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BLUR - Think Tank   Print  E-mail 
Written by Mark Reed  
Monday, 25 October 2004
Goddamit. How brilliant is music?


How amazing is it to strip away all the bullshit, and to be honest? To see an artist exorcise demons? Not because they want to, not because theyíre paid to, because they need to?

Thatís great art. Boring? Sometimes. Self-obsessed? Definitely. But important. Vital. Compelling.

And whatís the new Blur album? The opposite of all that. The black bats of mediocrity, the shadows of contractual obligation, the whores of babylon have come home to roost. It doesnít sound like it had to be made. It just sounds like their drummer looked at the contract in summer 2001, realised they had to make two more albums, and then they went off and did so. Weíve got a file on you, infuckingdeed.

Just like going to work in a factory each day. This is Blur by numbers, sans ubertalented guitarist Graham, and with wunderkind vocalist Damon replaced by that soundalike from the Gorillaz who canĎt write lyrics.

The open wound that was Blurs last album - '13' - was compelling listening. But four years on, an amputated Blur present us with 'Think Tank'. The songs are about nothing. Albarnís lyrics are as vaccous as outer space - witness the lyrical genius of 'Brothers And Sisters' :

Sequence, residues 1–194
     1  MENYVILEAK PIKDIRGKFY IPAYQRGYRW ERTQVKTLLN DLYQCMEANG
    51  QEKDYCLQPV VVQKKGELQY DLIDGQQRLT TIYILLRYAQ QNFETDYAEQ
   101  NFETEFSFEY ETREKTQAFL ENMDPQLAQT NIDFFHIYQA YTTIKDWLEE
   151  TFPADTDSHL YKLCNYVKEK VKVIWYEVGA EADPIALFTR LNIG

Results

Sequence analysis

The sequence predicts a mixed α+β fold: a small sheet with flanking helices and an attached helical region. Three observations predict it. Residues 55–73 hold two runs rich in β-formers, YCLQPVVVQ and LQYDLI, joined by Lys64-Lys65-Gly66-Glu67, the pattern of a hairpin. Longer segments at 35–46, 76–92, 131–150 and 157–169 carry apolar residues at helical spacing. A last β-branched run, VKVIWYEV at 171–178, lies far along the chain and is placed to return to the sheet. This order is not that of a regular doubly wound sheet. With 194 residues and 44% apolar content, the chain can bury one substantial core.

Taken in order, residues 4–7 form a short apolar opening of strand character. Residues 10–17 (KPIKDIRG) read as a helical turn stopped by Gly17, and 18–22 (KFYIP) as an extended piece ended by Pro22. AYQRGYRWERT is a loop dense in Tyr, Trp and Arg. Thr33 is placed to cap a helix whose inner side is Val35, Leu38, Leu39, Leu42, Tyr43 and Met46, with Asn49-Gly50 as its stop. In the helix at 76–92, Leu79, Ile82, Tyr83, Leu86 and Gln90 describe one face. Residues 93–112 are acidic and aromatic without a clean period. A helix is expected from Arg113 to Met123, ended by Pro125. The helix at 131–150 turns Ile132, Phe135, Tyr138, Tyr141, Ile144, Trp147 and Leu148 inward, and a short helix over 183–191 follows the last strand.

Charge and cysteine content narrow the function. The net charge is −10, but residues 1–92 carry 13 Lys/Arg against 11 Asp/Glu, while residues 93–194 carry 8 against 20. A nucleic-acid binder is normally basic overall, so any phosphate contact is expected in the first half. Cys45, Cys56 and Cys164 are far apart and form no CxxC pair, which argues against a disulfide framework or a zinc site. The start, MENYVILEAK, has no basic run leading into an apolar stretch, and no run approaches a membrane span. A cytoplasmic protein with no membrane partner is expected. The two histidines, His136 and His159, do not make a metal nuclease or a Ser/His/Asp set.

'Sulphates, keeps you in the zoo, Monkeys turning into you, Everybody horny, Absinthe...Tempo stop the cannonball, Peanuts appears to make you walk'

I mean... What the fuck? Not even REM at their most obscure tried to fool us with this much sub-puberty bullshit. Itís meaningless. Upper-class Iíve-got-nothing-to-say meaningless wank.

Maybe the music will redeem 'Think Tank' from being a Rich Manís Folly. Maybe not. The musical backing for the vast majority of songs is limper than a pensionerís dick and sterilised by studio overthink and a severe lack of spontaneity. Only two songs ('Crazy Beat' and 'Weíve Got A File On You') sound as if they were recorded by anything other than one bloke wanking off in his bedroom studio with too much hard disk space.

Everything else on the album is, as final track 'My White Noise' tells you is boring, boring, boring, boring, boring.'

And the most telling lyric? 'Weíre here... because weíve got no fucking choice.'

Iím telling you now : Contractual Obligation albums are awful : artistically redundant and devoid of meaning. Download it if you must, but whatever you do do, donít buy it. Itís a waste of money.


Written by Guest on 2005-05-20 03:22:54
The one great shame about the internet is that any old prat can publish whatever they want. These tedious, barely literate reviews are not only ill-informed but also littered with mis-information. If your lives are as negative as your site, you've not got much left.

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